Arms Dealer Linked to Myanmar Junta Acquitted in Thai Money Laundering Case

Here are the latest developments.

A wealthy Myanmar arms broker with close ties to the leader of Myanmar’s brutal military regime was acquitted on Tuesday by a Bangkok court on charges of drug trafficking and money laundering, raising fears that he will be free to resume his activities aiding the junta.

U Tun Min Latt, who was placed under sanctions by the United States last year for supplying the Myanmar regime with weapons, had spent 16 months in a Thai jail awaiting trial. The case is the first known instance of a close associate of Myanmar’s army commander, Sr. Gen. Min Aung Hlaing, being arrested abroad and put on trial since the military seized power in a coup three years ago.

The Thai authorities had accused Mr. Tun Min Latt and three associates of engaging in a scheme to launder drug money by using it to buy electricity in Thailand and sending it across the border to Myanmar. But the Thai criminal court found that the record of bank transactions presented by prosecutors did not provide sufficient evidence to prove the charges.

With the ruling, about two dozen family members and supporters of the accused burst into applause in the courtroom. Some wept tears of joy.

But Phil Robertson, the deputy director for Human Rights Watch in Asia, expressed disappointment.

“It’s hard to believe that a Burmese tycoon that many have referred to as being junta leader Min Aung Hlaing’s bagman got off,” he said. “The only people happy with this outcome are the junta generals who are increasingly desperate to find resources and, quite clearly, Tun Min Latt has proved very helpful in that regard in the past.”

In recent months, an armed resistance made up of pro-democracy forces and ethnic rebel groups has reported gaining ground against the military, saying it has seized hundreds of military outposts and dozens of towns in Myanmar’s border regions.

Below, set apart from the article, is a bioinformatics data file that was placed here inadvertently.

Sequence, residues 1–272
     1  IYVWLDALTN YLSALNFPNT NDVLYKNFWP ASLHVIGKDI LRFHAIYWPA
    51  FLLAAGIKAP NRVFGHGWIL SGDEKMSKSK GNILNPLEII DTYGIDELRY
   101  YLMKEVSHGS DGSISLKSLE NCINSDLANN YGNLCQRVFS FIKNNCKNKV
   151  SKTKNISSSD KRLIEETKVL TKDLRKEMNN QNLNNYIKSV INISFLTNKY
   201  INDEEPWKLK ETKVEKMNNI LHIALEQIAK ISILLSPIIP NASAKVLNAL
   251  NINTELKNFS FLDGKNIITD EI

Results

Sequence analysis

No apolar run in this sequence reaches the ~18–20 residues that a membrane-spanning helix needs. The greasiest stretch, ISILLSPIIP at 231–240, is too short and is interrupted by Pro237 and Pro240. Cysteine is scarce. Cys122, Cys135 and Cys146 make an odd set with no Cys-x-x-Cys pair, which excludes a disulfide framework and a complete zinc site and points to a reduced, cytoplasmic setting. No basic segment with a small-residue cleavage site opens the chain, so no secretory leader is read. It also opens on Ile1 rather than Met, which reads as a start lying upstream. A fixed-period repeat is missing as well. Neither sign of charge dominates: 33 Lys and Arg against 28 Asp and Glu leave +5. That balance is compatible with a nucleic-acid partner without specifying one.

Thursday will mark the third anniversary of the coup led by General Min Aung Hlaing in which he seized power from Myanmar’s quasi-democratic government. Under his command, the junta has staged a brutal crackdown, killing more than 4,400 civilians and imprisoning 20,000 political prisoners, including the ousted civilian leader, Daw Aung San Suu Kyi.

Mr. Tun Min Latt, the United States has said, supplied drones and aircraft parts to the regime in Myanmar. In 2019, he was photographed with General Min Aung Hlaing as they visited a Bangkok arms fair together.

At his arrest in September 2022, the Thai police found two bankbooks in the name of the general’s daughter and the deed to a luxury Bangkok condo in the name of the general’s son. The police said at the time that they had seized nearly $9 million in assets, including luxury cars, watches, handbags and cash.

Mr. Tun Min Latt also has close ties with a Thai senator, Upakit Pachariyangkun, who was charged in December on the same counts. Mr. Upakit has remained free pending an upcoming court hearing.

The two men were partners in the Myanmar Allure Group, a firm that owns a power company and a casino in Myanmar across the border from Thailand. Mr. Upakit transferred his interest in the company to a relative in 2019 after he was appointed to the Senate.

Ruangsak Suksaensri, a defense lawyer in the case who also represents Mr. Upakit, said Tuesday’s verdict would help him argue that the senator — who remains in office — did not break the law since the charges in both cases are based on the same facts. But he said he did not expect prosecutors to drop the charges against Mr. Upakit.

“This case is a big case,” Mr. Ruangsak said.

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